Back in 2003 I used to write a newsletter called the ‘Irreverent Leader’. This weekend I was reminded of a piece I wrote for it called – Announcing the ‘Daftest Excuse Competition’ – because I think I surpassed even this daft excuse. The piece went like this:
Shakespeare most definitely had a point when he wrote “To be, or not to be, that is the question”. And I’m a great supporter of the philosophy of shifting from a life of ‘doing’ to a life of ‘being’ but sometimes there are simply more pressing issues.
Take my experience last night for instance. I attended the Christmas concert at my daughter’s school and found myself leaning towards rekindling my younger days’ passion for music.
I considered various options from the grand – signing up for a full-time music degree course, to the more modest – rejoining a local choir. The simplest option, however, seemed to be to start playing the piano again. And this is an example of where old William sometimes simply misses the point. What he really should have said is: “To cut or not to cut, THAT is the question”.
Let me explain . . .
I have the most beautiful, long nails on my left hand. Alas, it was not always so. Before having children my nails were always short because they split easily.
After my daughter’s birth they improved slightly and since my son’s birth they’ve been fantastic. Fantastic to look at that is because other than that they are totally impractical – even annoying. My son gets scratched by them. I make hundreds of typos because of them and, as I admitted earlier, I can’t play the piano with them. All I get is a lot of clicking on the keys.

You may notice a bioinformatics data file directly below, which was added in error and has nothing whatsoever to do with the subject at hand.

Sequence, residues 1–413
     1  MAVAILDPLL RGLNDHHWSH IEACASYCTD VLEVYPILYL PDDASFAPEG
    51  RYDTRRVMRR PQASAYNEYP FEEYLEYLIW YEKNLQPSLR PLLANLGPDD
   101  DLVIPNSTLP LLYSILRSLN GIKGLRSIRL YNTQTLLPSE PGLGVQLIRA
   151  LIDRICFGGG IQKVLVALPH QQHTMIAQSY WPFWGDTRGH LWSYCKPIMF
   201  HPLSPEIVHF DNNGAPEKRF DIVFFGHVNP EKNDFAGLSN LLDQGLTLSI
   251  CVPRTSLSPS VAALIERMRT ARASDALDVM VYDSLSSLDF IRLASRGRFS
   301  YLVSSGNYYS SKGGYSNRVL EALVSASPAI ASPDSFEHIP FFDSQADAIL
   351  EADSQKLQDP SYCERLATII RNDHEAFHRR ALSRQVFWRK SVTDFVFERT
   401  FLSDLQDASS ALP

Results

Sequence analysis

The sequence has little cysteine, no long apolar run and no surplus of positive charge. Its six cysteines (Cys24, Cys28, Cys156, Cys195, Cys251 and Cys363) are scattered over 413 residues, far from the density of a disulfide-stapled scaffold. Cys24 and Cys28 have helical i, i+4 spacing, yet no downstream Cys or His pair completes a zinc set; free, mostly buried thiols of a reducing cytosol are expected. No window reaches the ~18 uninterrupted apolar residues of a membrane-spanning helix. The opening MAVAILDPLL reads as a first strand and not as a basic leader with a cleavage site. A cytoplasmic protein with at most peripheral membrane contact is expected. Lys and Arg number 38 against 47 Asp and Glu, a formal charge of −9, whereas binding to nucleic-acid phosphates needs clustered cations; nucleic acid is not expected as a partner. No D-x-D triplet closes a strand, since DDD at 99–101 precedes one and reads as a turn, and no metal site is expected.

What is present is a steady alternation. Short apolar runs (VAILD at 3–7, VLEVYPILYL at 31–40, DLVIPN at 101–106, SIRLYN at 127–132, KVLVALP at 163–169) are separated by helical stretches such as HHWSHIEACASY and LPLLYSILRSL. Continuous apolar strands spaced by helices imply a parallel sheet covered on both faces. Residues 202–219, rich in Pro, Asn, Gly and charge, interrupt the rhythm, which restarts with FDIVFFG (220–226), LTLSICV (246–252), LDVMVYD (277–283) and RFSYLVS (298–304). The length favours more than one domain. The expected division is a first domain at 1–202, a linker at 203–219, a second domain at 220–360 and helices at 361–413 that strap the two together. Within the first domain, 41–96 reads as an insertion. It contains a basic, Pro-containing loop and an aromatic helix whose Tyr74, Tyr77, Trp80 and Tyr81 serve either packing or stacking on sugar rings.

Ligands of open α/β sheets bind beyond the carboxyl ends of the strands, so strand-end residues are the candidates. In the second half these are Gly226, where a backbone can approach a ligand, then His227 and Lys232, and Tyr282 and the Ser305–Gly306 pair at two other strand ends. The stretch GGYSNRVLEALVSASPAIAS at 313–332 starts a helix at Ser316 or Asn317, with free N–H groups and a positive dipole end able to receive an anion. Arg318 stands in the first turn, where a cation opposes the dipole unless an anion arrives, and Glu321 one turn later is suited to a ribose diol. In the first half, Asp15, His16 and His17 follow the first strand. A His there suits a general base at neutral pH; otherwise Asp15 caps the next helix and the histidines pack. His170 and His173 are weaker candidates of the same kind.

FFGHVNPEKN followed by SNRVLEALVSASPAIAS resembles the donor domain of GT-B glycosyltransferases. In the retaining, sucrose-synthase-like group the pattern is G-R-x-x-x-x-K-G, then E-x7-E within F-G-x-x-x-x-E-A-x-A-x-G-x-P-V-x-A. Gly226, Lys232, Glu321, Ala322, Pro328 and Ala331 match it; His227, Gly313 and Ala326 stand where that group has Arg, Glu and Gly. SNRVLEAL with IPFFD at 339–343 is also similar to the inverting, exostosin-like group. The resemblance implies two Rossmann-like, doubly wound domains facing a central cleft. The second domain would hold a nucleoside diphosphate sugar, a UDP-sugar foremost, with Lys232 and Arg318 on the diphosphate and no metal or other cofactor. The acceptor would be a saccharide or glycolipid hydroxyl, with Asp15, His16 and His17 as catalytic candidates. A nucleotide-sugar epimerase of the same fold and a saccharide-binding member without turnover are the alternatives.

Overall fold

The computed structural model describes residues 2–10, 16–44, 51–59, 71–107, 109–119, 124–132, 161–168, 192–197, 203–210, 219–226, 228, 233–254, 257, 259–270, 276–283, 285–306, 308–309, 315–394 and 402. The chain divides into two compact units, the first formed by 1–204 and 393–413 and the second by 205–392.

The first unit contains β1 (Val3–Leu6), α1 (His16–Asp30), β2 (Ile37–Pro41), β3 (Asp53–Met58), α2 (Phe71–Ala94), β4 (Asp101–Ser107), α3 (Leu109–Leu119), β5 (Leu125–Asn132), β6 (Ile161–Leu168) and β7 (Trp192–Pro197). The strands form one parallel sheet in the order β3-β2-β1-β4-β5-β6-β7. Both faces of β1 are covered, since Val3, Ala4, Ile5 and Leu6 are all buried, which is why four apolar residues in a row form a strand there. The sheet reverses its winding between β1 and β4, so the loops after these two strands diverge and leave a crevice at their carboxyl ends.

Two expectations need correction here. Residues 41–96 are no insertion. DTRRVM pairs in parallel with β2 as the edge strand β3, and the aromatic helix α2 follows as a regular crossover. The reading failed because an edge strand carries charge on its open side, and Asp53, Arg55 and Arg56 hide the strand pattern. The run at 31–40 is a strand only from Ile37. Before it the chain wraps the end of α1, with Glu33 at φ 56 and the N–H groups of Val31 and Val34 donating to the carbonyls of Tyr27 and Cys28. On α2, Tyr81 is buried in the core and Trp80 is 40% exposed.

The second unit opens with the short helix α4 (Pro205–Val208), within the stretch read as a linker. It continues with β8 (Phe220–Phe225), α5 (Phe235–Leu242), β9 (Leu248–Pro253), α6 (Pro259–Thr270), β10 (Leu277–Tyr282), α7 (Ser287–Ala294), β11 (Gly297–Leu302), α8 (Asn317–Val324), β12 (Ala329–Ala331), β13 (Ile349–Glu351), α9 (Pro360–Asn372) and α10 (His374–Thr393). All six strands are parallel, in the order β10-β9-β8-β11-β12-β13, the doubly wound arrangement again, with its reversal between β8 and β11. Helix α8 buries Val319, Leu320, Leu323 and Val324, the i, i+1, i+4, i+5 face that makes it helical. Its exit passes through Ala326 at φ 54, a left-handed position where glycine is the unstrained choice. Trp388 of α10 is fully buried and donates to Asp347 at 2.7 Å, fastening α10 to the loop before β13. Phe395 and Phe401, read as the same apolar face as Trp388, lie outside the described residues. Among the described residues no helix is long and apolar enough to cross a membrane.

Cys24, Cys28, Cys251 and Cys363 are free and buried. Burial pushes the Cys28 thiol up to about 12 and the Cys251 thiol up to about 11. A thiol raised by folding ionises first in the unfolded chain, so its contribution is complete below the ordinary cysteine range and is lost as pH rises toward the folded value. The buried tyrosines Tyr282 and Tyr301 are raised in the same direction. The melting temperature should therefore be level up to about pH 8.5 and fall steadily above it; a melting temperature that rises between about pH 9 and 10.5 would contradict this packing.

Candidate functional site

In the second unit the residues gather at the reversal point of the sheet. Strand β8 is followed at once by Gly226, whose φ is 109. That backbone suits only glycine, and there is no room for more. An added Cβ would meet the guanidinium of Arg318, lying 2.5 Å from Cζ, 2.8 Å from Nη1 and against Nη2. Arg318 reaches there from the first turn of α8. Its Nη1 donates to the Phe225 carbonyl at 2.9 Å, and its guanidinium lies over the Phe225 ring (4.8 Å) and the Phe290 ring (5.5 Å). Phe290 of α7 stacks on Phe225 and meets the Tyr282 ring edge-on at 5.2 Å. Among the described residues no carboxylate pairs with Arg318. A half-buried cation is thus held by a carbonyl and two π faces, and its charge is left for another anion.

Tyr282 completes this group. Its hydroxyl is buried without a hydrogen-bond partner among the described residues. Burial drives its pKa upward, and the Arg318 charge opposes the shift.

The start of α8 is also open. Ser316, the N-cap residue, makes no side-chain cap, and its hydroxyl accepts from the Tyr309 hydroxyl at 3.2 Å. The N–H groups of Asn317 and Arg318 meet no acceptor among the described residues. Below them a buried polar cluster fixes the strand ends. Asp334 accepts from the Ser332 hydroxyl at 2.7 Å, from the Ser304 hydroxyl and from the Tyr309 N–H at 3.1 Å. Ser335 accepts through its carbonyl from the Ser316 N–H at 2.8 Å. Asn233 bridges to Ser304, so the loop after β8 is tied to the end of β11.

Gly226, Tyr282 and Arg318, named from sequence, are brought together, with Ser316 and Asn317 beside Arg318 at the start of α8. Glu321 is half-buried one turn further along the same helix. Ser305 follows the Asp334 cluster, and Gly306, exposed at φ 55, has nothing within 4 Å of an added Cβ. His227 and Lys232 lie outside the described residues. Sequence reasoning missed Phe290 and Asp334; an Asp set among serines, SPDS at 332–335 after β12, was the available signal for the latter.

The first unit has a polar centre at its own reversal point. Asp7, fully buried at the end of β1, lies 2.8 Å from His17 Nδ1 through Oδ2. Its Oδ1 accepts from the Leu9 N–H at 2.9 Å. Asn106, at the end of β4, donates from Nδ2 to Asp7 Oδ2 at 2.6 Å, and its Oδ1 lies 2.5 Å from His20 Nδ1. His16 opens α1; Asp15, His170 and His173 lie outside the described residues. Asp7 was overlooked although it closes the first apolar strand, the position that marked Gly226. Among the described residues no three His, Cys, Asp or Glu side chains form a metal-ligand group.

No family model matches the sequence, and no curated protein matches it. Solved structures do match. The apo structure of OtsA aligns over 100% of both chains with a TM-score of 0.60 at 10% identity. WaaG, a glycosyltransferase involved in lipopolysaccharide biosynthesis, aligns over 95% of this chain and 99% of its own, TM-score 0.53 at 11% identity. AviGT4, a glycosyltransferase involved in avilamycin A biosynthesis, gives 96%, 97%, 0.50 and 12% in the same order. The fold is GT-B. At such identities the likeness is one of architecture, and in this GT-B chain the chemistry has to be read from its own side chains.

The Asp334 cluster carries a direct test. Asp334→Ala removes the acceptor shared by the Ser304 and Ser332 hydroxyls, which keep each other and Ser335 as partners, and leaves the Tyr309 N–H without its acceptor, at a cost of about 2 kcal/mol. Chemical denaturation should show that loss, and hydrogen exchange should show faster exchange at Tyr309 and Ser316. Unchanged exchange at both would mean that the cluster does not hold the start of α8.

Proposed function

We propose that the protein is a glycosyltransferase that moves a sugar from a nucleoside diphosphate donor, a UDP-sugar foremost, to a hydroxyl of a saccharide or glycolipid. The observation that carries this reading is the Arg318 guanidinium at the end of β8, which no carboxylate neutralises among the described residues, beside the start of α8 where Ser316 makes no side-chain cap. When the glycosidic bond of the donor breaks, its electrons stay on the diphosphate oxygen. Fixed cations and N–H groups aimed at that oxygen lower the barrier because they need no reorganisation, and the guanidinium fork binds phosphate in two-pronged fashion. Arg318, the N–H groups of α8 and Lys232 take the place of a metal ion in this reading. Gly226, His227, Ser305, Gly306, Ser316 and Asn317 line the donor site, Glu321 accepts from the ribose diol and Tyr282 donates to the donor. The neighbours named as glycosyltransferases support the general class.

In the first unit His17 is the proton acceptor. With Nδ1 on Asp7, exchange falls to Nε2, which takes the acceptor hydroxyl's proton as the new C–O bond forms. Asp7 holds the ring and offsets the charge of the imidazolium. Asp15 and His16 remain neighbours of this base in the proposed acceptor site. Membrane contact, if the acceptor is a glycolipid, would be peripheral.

In a nutshell, I’m willing to give up the pleasure generated by an activity that would feed my soul for the satisfaction of an occasional glance at my left hand which results in the sighed exclamation, “my goodness, you’re lovely!”
So, there it is. I admit it. The daftest excuse I currently subscribe to.
So that was then, but this weekend I surpassed even that.
For a few days I’d been toying with the idea of signing up to Steven Chandler’s Club Fearless. But, although I didn’t realise it at the time, I hadn’t really committed to making changes so signing up to something that actually might make a real difference to my life was not likely to happen. (See my post intention versus commitment for more about this). Therefore, my subconscious needed to create some excuses to stop me signing up.
So I went through the whole sign-up process but couldn’t quite click the final button because . . . wait for it . . . it would muck up my accounting! Yep. I decided against taking a life affirming action today because my Paypal account has a credit balance that is in Pounds Sterling and the Club Fearless payment is in American Dollars which would make it more complicated when I came to do my accounts in January 2011! I kid you not. That seemed perfectly legitimate at the time.
Thank goodness I saw through my fear the next day and signed up. It gave me a good life though, which is always welcome.
If you have any amusing excuses you’ve used and you’re willing to share. Please feel free to add them to the comments below. And remember . . .
“There is nothing to fear except fear itself.” – Franklin D. Roosevelt